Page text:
Opioid stewardship in pediatric urology following outpatient hypospadias surgery - A quality improvement initiative
Fardod O'Kelly, MD MB MA FRCS(Urol), Martha Pokarowski, BSc MPH, Martin A. Koyle, MD MSc FRCSC FACS FAAP.
The Hospital for Sick Children, Toronto, ON, Canada.
Over-prescription of paediatric opiate medications, particularly in the acute pain and post-surgical settings plays a significant role in opioid exposure trends and the development of opioid-related complications such as over-sedation in hospitalised patients. Prior reports illustrate wide opiate prescribing variability among paediatric surgical patients as well as gross post-operative medication surplus, with an incidence of persistent use 90-days post-surgery between 2.7-15.2%. There currently exists in our institution, significantly heterogenous postoperative opioid prescribing practices. The aim of this prospective quality improvement and patient safety study was to reduce post-operative opioid prescription in a day case hypospadias cohort by 30% over a 4 month period. The hypothesis was that a decrease in post-operative opioid prescription would not lead to an increase in adverse clinical outcomes following hypospadias surgery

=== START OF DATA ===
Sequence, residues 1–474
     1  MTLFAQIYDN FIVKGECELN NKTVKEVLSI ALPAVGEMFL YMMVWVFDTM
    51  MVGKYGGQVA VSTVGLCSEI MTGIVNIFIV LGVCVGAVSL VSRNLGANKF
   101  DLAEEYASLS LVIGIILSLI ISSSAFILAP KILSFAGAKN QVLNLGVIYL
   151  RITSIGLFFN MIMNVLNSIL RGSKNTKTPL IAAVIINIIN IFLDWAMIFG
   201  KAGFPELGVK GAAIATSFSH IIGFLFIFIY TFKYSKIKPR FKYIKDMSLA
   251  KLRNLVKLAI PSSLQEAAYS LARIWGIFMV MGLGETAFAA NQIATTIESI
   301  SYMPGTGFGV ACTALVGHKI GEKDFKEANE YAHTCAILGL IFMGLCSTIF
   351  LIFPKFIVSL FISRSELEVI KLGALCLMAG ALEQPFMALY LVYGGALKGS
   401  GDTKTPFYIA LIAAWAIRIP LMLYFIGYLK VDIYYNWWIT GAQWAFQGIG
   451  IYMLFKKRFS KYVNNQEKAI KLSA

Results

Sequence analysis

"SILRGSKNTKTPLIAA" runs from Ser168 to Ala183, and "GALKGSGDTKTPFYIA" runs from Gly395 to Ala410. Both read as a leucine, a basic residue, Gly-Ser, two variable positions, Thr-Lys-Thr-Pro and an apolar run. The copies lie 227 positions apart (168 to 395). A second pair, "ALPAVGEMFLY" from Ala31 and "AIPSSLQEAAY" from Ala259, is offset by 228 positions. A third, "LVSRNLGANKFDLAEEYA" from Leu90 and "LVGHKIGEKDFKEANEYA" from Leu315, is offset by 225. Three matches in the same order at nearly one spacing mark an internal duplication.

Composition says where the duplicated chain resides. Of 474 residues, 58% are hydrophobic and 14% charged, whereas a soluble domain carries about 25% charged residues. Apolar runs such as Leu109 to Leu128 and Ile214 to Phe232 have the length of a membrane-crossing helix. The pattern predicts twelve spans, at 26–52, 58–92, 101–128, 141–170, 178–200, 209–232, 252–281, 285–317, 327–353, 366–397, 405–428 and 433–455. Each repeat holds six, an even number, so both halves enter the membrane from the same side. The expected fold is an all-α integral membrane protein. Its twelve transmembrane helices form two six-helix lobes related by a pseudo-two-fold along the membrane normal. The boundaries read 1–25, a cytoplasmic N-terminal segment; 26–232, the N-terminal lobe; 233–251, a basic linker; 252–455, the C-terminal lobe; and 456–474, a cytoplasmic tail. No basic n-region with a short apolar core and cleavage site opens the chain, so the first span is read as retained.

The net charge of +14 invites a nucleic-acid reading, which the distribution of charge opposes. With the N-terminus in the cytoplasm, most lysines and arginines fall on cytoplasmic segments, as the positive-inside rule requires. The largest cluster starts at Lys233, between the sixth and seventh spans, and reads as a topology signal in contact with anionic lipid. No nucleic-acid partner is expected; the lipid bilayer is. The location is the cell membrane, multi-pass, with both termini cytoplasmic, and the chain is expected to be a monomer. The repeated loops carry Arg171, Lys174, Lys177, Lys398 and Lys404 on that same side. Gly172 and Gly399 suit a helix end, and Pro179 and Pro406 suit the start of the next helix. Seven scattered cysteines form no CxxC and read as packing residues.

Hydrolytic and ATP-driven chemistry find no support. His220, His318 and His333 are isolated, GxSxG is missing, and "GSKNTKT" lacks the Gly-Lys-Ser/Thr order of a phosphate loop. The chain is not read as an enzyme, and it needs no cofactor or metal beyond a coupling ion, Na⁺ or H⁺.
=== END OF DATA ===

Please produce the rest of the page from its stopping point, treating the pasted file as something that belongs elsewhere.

Institutional quality improvement committee approval was obtained. Interventions included a mixture of qualitative and quantitative research through PDSA cycles and outcome measurements. These interventions were people-focused through education/training and reminders, and system-focused through simplification and forcing functions. There were no changes to intra-operative management by anesthesiology. Change management achieved through the alignment of stakeholder, education of parents (handouts/online atlas) and a core change team. ER visits, phone and email logs were recorded. Parents were also contacted within a fortnight post-operatively to assess for pain, satisfaction and analgesic requirements. This cohort was then compared to a similar group who had received opioids post-operatively.
There were 54 patients in the intervention arm of this study (22 opioid; 32 non-opioid). The rate of opioid prescriptions decreased from an average of 74% (0-20 doses) to 42% representing an absolute reduction of 32% (relative reduction 44%) over a period of 3 months. This was not associated with any increase in adverse outcomes or unintended consequences as captured through balancing measures. There was a significant reduction in the rate of constipation post-operatively in the non-opioid (9.4% vs. 36.4%; p=0.035)
The implementation of a post-operative opioid-sparing approach to hypospadias is safe with no increase in clinical adverse outcomes for children. The relative reduction of 44% is modest but sustainable, and in line with several campaigns calling for a rationalisation in narcotic usage including Choosing Wisely. Challenges continue to exist in stakeholder engagement and leading practice change in order to ensure sustainability
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